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Electric car tax credit
Old 12-26-2017, 10:05 AM   #1
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Electric car tax credit

Correct me if i'm wrong. My understanding is that the electric car tax credit is non refundable. That means you only get to reduce your federal tax liability by the amount of your actual taxes owed up to $7500. You can't get a refund beyond what you owe. In 2018 I expect to make the most income i've ever made at somewhere over 50K depending on the amount of overtime I work. Say I make $52,000. $12K is standard deduction so no tax. Approx. $10K is taxed at 10% then the remaining $30K is taxed almost entirely at 12% for a total tax liability of around $4600. That means I only get a tax credit of ~$4600. It seems the car manufacturers price the cars with the full tax credit in mind making it a bad buy for someone like me. It's only good for the higher income people who go into the 22% bracket. So no full tax credit for the majority of people. Do I have this right? Maybe I should buy a Prius Prime which has a tax credit of $4500. I may be able to get that full amount if I only put enough into my 401K for a full match.
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Old 12-26-2017, 10:15 AM   #2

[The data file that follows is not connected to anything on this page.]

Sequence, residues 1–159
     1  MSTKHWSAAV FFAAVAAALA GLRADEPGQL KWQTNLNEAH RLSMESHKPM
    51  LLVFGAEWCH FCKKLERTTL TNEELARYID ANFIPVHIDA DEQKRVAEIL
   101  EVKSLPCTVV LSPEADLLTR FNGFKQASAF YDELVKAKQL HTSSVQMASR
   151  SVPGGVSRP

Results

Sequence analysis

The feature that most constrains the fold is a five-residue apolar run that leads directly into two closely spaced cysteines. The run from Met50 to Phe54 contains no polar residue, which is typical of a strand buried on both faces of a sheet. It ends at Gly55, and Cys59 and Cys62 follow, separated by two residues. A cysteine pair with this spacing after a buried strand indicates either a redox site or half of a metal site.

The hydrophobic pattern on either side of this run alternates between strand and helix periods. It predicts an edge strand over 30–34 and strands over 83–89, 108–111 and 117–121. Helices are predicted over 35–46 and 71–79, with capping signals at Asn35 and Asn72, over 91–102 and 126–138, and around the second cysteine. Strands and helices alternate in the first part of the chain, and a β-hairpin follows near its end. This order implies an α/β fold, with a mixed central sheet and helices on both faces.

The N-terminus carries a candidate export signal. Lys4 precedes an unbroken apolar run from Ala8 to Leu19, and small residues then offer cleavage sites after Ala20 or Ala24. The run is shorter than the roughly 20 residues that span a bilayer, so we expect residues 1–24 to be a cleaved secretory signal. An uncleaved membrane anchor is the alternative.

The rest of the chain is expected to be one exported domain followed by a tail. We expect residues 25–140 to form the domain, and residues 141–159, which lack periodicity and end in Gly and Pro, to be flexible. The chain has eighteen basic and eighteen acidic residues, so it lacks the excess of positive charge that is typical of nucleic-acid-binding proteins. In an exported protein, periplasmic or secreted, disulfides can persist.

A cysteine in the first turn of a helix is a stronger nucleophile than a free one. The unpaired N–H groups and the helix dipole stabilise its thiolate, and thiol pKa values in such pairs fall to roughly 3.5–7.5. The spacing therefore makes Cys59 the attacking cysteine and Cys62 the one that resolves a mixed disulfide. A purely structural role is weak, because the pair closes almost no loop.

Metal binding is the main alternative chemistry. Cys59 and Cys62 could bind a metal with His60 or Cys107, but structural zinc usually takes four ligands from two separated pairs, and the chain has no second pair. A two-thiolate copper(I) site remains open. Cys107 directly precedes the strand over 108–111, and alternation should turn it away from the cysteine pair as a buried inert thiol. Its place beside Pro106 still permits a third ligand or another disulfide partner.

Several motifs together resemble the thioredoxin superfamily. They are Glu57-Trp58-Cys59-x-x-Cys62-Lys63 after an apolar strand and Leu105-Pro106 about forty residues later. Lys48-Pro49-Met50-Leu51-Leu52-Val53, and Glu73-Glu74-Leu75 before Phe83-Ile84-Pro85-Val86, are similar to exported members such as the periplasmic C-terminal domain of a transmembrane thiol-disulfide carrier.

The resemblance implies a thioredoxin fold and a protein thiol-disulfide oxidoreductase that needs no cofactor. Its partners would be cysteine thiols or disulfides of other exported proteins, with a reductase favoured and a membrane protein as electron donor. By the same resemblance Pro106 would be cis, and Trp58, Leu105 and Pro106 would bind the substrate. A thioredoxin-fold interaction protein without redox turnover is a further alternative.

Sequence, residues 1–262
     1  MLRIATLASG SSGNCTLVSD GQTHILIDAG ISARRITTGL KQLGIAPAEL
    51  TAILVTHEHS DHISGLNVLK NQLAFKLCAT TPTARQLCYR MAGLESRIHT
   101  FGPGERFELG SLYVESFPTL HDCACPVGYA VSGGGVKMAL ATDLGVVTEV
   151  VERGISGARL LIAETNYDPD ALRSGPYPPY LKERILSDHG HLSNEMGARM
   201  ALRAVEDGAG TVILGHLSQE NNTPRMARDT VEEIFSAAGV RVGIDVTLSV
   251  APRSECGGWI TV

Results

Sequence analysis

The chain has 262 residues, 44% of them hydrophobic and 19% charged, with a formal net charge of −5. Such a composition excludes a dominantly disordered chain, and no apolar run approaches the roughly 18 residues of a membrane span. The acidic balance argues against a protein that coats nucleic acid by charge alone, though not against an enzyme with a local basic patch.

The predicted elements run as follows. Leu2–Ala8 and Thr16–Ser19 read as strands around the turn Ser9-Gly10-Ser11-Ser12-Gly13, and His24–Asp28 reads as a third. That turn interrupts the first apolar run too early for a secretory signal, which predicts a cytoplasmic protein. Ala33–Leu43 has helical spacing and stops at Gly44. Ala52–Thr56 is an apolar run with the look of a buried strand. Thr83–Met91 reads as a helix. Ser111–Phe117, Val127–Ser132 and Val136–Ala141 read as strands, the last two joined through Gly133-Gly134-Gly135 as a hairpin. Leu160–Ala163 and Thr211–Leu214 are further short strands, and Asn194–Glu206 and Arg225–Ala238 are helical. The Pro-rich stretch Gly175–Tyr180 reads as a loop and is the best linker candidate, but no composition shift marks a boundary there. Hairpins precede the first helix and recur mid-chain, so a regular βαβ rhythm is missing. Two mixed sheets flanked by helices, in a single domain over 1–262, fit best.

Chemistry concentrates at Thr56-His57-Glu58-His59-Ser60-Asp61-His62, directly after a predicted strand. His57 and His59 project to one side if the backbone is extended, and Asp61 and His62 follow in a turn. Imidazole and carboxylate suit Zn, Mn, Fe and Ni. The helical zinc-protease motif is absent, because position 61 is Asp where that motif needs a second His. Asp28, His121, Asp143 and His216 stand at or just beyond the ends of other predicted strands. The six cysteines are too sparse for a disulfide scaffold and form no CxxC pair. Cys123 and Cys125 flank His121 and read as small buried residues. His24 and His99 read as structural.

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I believe you have it correct.

Another wrinkle is that AFAIK it's only a credit against taxes you owe when you file, so if you go this route you would want to minimize your withholding throughout the year so you owe as much as possible.
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Old 12-26-2017, 10:19 AM   #3
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I believe you have it correct.

Another wrinkle is that AFAIK it's only a credit against taxes you owe when you file, so if you go this route you would want to minimize your withholding throughout the year so you owe as much as possible.
That would make it completely not worth it. Maybe i'll just buy a regular Prius or Camry Hybrid.
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Old 12-26-2017, 10:26 AM   #4
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I believe you have it correct.

Another wrinkle is that AFAIK it's only a credit against taxes you owe when you file, so if you go this route you would want to minimize your withholding throughout the year so you owe as much as possible.
Please look into that if you're going to rely on that information. I've never seen a tax credit work that way. Usually what you owe is considered the tax liability before any payments are considered. I've seen credits where you can't get back more than your tax liability, but I've never seen one that considered your refund/payment situation after withholding.
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Old 12-26-2017, 11:35 AM   #5
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You're probably right, Jerry1.
I don't remember where I read that, and it seemed odd to me too. I should have researched it before posting.